The Gulf state, which relies on about two million migrant workers for the bulk of its labour force, is also planning to ease curbs on changing employers, Qatar's administrative development, labour and social affairs ministry said.
Protesting workers, mostly from Bangladesh, told Al Jazeera that in addition to poor living conditions, they had not been paid for four months, the companies had failed to renew their work permits - making their status in Qatar illegal - and were not given the required letters that would allow them to switch employers.
On Wednesday, the ILO welcomed Qatar's move, which still needs an approval from the Advisory Council as well as the country's ruler, Sheikh Tamim bin Hamad Al Thani.
The State of Qatar joined the Organization in 1972, where an Office for the Organization of the State of Qatar was established in Doha in 2018, which supports the Government's business process development program.More news: Volvo Unveils Its First All-Electric Vehicle, the 400 Horsepower XC40 Recharge SUV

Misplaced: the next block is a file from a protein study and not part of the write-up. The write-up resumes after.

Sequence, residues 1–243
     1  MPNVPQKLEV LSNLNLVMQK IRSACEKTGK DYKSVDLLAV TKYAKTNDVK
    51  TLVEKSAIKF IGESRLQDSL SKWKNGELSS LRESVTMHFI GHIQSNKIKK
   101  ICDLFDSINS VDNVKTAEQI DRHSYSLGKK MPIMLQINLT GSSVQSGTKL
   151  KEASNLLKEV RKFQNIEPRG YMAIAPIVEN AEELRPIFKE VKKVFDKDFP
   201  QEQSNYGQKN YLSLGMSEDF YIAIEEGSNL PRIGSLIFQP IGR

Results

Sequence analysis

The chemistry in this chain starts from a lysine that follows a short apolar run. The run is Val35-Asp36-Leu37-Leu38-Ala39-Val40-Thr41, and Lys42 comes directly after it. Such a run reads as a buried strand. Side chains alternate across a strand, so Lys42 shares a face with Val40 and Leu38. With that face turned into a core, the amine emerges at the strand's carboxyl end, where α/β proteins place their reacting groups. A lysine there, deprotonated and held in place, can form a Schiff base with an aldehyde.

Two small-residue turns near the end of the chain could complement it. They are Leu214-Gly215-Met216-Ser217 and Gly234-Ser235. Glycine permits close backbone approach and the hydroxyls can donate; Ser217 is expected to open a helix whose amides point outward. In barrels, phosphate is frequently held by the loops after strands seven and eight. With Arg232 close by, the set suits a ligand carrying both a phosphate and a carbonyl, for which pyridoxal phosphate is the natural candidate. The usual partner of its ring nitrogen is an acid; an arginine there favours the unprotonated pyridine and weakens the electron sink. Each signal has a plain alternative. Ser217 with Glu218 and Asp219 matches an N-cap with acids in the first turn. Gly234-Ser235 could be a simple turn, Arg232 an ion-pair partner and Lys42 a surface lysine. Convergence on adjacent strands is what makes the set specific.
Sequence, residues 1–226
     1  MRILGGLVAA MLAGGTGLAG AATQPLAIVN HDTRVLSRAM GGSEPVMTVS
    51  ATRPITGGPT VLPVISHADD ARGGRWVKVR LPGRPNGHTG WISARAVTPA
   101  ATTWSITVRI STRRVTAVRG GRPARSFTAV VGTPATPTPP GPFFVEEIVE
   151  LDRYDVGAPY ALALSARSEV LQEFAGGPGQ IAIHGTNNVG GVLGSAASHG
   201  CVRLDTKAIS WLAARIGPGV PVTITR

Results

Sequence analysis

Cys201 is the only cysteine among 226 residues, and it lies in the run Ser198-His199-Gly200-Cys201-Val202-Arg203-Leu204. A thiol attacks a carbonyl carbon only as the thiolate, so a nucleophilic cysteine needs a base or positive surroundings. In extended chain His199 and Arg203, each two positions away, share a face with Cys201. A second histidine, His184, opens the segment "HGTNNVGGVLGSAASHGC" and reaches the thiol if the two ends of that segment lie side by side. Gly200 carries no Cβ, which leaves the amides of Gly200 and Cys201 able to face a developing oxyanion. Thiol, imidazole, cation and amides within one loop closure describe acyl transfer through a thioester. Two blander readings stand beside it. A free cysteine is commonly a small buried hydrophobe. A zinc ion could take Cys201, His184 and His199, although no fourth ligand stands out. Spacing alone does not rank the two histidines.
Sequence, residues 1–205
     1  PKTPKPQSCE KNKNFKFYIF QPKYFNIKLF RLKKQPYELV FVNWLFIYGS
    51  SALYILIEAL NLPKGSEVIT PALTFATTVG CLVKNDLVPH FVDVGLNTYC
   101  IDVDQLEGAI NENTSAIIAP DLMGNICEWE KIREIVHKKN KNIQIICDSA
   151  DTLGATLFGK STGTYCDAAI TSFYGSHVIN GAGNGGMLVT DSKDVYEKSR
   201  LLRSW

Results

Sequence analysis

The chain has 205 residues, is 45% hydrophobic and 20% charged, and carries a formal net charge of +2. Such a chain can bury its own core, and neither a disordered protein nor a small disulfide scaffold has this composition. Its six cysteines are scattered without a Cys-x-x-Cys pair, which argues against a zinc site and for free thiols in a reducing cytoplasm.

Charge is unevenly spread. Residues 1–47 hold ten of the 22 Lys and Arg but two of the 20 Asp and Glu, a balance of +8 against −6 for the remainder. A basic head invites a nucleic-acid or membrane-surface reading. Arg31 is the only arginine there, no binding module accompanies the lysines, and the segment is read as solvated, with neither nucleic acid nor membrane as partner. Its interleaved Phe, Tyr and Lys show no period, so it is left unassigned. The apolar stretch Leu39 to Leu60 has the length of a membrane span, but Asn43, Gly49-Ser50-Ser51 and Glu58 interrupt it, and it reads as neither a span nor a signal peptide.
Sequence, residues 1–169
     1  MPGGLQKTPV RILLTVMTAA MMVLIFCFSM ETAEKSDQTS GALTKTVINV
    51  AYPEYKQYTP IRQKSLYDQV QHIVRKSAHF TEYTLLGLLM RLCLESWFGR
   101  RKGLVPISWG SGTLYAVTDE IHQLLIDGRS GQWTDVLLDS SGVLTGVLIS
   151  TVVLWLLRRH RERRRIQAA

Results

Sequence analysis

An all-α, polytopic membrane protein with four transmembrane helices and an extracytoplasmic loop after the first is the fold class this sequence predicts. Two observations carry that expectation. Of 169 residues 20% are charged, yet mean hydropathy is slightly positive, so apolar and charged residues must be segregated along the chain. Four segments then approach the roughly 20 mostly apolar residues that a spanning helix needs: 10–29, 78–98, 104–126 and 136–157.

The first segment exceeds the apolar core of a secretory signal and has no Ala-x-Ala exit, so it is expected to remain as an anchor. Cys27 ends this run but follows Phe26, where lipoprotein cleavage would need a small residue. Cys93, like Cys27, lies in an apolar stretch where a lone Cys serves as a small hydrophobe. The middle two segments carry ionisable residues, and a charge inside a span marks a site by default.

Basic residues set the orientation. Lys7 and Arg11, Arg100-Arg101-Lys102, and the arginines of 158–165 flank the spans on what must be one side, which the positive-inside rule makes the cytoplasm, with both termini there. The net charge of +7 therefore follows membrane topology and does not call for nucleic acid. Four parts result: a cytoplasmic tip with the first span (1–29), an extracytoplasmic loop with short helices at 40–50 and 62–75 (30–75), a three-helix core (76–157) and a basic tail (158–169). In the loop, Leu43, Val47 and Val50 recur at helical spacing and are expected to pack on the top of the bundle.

The level of the minimum wage, a key reform given the low pay for migrant workers in Qatar, the world's richest per-capita country, will be set later this year, the ILO said, and not discriminate between nationalities. Representatives from the Ministry of Administrative Development, Labour and Social Affairs; Ministry of Municipality and Environment, ILO and other national and global organisation participated the panel discussions.
The International Labour Organisation, a United Nations agency, says Qatari authorities have agreed to end kafala in January and also introduce "a non-discriminatory minimum wage, the first in the Middle East".
Sharan Burrow, General Secretary of the ITUC, said: "Qatar is changing".
"The new tranche of laws will bring an end to the kafala system of modern slavery", Burrow said.More news: Police arrest 2nd suspect in case of isolated Dutch family
A government fund to ensure workers are not disadvantaged by exploitative employers, while the state pursues recovery of entitlements. It has applied to the thousands of migrant workers, largely drawn from the Indian subcontinent, who have been working on the construction of new stadiums in Qatar ahead of the World Cup.
However, it was not stated what the minimum wage would be.
"We will be closely scrutinising the details of this announcement and pushing for any positive measures to be quickly and fully implemented".
"These steps will greatly support the rights of migrant workers while contributing to a more efficient and productive economy", the ILO said in a statement.More news: Jennifer Aniston THROWS SHADE at famous friend on newly-opened Instagram account